And I’m not talking about people who committed crimes, or anything that truly deserved such harsh, instant treatment. Except that’s corporate policy all over this country. Regardless of reason. Because they “don’t want the workplace disrupted”.

    And more than once I’ve bailed out of companies where I felt the wind shift. And learned afterward that they ended up moving their operation out of state, leaving entire divisions of people out on the street. All so they could pay other people less money.

    No – let’s be clear here – corporations have no loyalty to their employees when push comes to shove.

    So it’s not more stress going out on one’s own. It’s just different stress. And it comes with a freedom and exhilaration and potential for success that could never happen working for the man. Or woman. :-)

    • Jul 29 2010

      Alan,

      Thanks for the props on the post! It’s really interesting how many of these un/common experiences everyone goes through. There’s no doubt that corporate life these days, especially for the “grunts”, is just as unsettling and frightening as going out on your own. Each company is different in how they value their employees, but in general (with that huge brush stroke) I’m right there with you that Corporations have “zero” loyalty to anyone.

      It’s almost another topic all it’s own, but you brought up a relevant comment about “felt the wind shift”. That’s one that really should be included up there; one externality that you can’t control but forces your hand. Learning to “feel” that takes time and requires some familiarity with corporations, making all that much harder for expendable newcomers, to see coming.

      And, I agree with you that going out on your own is a different kind of stress, but equally a rewarding stress if you do what you do well! :-)

  2. Jul 29 2010

    I know (1) all too well. I’d commute an hour to work (which isn’t so great for the anger to begin with), and then, the moment I stepped out of the car and onto the sidewalk to the office, it was like a cloud descended over my head. By the time I walked 50 feet and opened the door, I was pissed, and the work-day hadn’t even started yet. It took me too long to realize that that was a lousy way to live the rest of my life.

    • Jul 29 2010

      (Dr.) Pete,

      [Wanted to keep this reply informal, but you're PhD for goodness sakes! You've earned those rights man!] It took me years to understand that life was too short to go through it being an angry pile of crap everyday. I think that comment may have just saved someone a year of their life. (And you should thank Pete if that’s the case :)) It’s refreshing to hear that no matter who you are, we all have these common feelings and that you’re not alone. Thanks for the great comment!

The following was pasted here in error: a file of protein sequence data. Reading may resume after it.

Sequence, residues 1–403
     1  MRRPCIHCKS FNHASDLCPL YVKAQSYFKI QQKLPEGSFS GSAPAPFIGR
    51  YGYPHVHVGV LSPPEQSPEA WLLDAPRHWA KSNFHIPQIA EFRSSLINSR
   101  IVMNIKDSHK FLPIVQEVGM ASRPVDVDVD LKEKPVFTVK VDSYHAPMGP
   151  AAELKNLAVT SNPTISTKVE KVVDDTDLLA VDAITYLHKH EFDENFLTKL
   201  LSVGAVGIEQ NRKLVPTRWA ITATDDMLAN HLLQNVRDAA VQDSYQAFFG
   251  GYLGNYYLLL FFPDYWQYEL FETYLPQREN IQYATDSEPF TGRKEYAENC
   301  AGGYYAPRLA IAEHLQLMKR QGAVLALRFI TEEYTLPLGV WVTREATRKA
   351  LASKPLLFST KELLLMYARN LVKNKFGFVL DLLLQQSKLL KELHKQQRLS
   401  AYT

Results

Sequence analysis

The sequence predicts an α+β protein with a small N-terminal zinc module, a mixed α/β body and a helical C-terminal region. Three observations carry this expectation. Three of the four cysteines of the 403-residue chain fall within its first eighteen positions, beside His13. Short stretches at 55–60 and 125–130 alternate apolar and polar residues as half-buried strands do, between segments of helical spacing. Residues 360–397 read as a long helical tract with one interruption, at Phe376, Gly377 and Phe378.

3. SEO Veteran
    Jul 29 2010

    Tony, fantastic post!!! I was absolutely enthralled by it and know all too well about EVERYTHING you discussed here. It was as if you wrote it specifically for me, scary man. I’ve road all of these waves and am currently in between steps 4 and 5. I totally understand what is going on and what I will end up doing very soon. It is like putting off the inevitable. I’m not afraid, I’m confident and have been in this long enough to know what I am looking forward to. But all things in time. Right at this moment it is not my time. So I am pushing through and when the time is right, I will know it. But man, what a fantastic post!!!

  4. Jey Pandian
    Jul 29 2010

    Yep,

    This is my first time in shop life and I’m already going through those paces.

    I remember being pissed for months because one client said I have only 10 hours a month allocated to do SEO work (I refused) and another instance where I got super pissed when I was asked to do an SEO audit in one hour for a website spanning 100s of pages.

    There are times when I feel like I’m on top of the mountain and things get completed, then there are those times where it takes 2 weeks to get something done (which I can nail in ten minutes – this one pisses me off like nothing).

    It’s only my first year at shop life, I’m determined to learn as much and bring as much value as possible but when should one start thinking about other opportunities? I have a tendency to think long term and as you said: “Rome didn’t get built in a day,” I believe that anything worth having will be a struggle in life.

    I also believe that one can get anything if they are willing to sacrifice everything for it. I just want to be a master of my craft (lol).

    Good post, thankfully I haven’t hit 4-5, hopefully it never comes.

    Best,
    Jey

  5. Jul 29 2010

    I left two different companies once I realized I felt like the video clip below. The first one took me 15 years to get to that point. The next one was a LOT shorter.

    (Not a good movie, but a fantastic opening)

  6. Jul 29 2010

    Boy, did you hit the nail on the head with the progression from anger through the breakthrough change. Many working for big companies never experience the mind-numbing and baffling frustration that happens when an entrepreneurial spirit is trapped within the confines of the corporate structure.

    Some are merely working for a paycheck. They really don’t care about how, if or how efficiently things run. They don’t pursue excellence. They believe good enough is good enough. They are of the “I’ll do just enough to keep from getting fired…” mindset and they are content working for companies whose goal is to pay them just enough to keep them from quitting.

    And for those people, the daily grind is simply a reality of life. But for those with the voice of entrepreneurship constantly whispering, “This can be done better…”, “Why do we do it this way?”, “This is just wrong…”, “That guy is an IDIOT!”, though – it’s torture and at some point we turn into ticking time bombs just waiting to explode.

    Kudos on the post! You summed it up beautifully.

    • Jul 30 2010

      Aly:

      Thanks for the props on the post, I appreciate it. The call of entrepreneurship is a unique one, and I think it’s one that’s more prevalent in the SEM field. Honestly, I can’t think of another field where the opportunity, the prospect of going out on your own, stares you in the face every day.

      Ross:

      Thanks mate!

  7. Jul 29 2010

    Tony,

    Great article, I can completely relate to what you are saying. I thoroughly enjoyed the post and thought you summed it up perfectly!

    Good luck with Silver Arc mate. I wish you all the best success!!

  8. Aug 9 2010

    If you dont own it – you are a slave. Simple. True. If the Big Dog is a POS, youre screwed. Rugged Individualists and -ism cant be cowed. Add to that a low-IQ owner and you are well and truly f***ed